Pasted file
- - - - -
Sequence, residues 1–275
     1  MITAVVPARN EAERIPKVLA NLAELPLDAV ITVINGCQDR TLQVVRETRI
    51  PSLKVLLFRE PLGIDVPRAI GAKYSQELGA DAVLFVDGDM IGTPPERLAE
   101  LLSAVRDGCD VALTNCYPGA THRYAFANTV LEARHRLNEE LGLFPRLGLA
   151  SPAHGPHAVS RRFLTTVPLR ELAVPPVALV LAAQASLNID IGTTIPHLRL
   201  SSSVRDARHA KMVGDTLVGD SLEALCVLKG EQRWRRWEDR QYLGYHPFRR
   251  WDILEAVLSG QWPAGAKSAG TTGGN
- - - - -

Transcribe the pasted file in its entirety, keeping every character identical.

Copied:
Sequence, residues 1–275
     1  MITAVVPARN EAERIPKVLA NLAELPLDAV ITVINGCQDR TLQVVRETRI
    51  PSLKVLLFRE PLGIDVPRAI GAKYSQELGA DAVLFVDGDM IGTPPERLAE
   101  LLSAVRDGCD VALTNCYPGA THRYAFANTV LEARHRLNEE LGLFPRLGLA
   151  SPAHGPHAVS RRFLTTVPLR ELAVPPVALV LAAQASLNID IGTTIPHLRL
   201  SSSVRDARHA KMVGDTLVGD SLEALCVLKG EQRWRRWEDR QYLGYHPFRR
   251  WDILEAVLSG QWPAGAKSAG TTGGN